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What's Up Magazine

Seeing Spots

Mar 01, 2018 07:00AM

By Kelsey Casselbury

Age spots aren’t a matter of your age, but rather reflect the amount of sun damage that your skin has suffered.

No matter what your age, a smattering of freckles across your nose is adorable. But when those freckles seem to clump up into one larger spot, you might not think it’s so precious. Frequently known as age spots—which is a total misnomer—these discolorations aren’t necessarily something to worry about; however, you might want to check in with the derm to see if anything can be done to minimize their prevalence. 

By Any Other Name

Also known as sun spots or liver spots, the official name for these discolorations is lentigines, and they’re likely a result of spending too much time in the sun in your youth. UV light boosts the production of melanin, the same pigment that colors your hair, your eyes and your tan. Too much melanin, though, and it becomes clumped where it’s been produced in high concentrations. Lentigines generally range from the size of a pencil eraser to the size of a dime.

So, really, you can rest assured that these spots have nothing to do with your age. However, people over age 50 get them more frequently, just because they’ve spent more time in the sun. Younger folks, don’t get too arrogant—these spots are hereditary, and you never know when they might show up on your hands, shoulders, or face (the most common locations for these spots).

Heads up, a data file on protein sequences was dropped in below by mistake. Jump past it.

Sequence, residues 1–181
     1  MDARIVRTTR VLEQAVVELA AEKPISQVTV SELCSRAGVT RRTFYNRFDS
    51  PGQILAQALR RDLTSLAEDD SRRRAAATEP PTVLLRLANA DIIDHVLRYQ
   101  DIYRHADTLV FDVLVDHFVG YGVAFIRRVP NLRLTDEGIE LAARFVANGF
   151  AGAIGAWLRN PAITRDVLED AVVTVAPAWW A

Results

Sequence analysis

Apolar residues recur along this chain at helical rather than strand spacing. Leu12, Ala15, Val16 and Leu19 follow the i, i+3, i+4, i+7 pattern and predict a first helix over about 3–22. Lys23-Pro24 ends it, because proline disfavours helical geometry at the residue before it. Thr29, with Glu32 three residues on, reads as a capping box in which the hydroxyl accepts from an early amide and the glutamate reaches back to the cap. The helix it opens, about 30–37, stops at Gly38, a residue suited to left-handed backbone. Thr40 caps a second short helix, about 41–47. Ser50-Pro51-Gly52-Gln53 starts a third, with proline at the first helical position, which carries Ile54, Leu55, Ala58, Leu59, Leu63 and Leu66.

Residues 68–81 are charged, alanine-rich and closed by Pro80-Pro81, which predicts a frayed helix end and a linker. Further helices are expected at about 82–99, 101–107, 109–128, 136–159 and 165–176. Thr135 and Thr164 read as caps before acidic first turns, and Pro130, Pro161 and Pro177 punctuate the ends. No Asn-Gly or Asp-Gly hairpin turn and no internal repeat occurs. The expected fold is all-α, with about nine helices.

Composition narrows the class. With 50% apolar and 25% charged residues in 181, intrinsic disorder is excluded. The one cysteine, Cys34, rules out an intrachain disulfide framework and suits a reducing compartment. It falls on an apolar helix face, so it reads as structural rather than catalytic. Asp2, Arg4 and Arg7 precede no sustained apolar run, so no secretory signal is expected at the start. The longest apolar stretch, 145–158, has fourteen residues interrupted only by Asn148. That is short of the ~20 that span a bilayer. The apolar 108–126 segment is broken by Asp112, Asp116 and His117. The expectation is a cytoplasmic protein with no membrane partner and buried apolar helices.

Minimizing the Spots

Lisa C. Kates, MD, FAAD, of the Center for Dermatology and Skin Care of Maryland in Crofton has a few recommendations for getting rid of—or at least diminishing the appearance of—these spots. 

The most common treatment is hydroquinone, a topical agent that’s available over the counter in 2 percent strength. However, Kates says, that strength is not very effective. Instead,
visit a dermatologist for prescription strength hydroquinone, which has a concentration of 4 percent or higher. 

Chemical peels:
A more aggressive treatment, chemical peels exfoliate the top layer of the skin but contain ingredients, such as retinoic acid or TCA, that target and lighten pigment. 

Laser and Intense Pulsed Light (IPL) treatments:
Different types of lasers can be used to treat spots, Kates says. IPL, or Advanced Pulse Light (APL), uses different wavelengths of light to break up the pigment in the spot, and then the body rids itself of it. She also suggests fractional lasers — more typically used for wrinkles and scars—which aim a laser beam that’s divided into thousands of microscopic treatment zones that target a fraction of the skin at one time.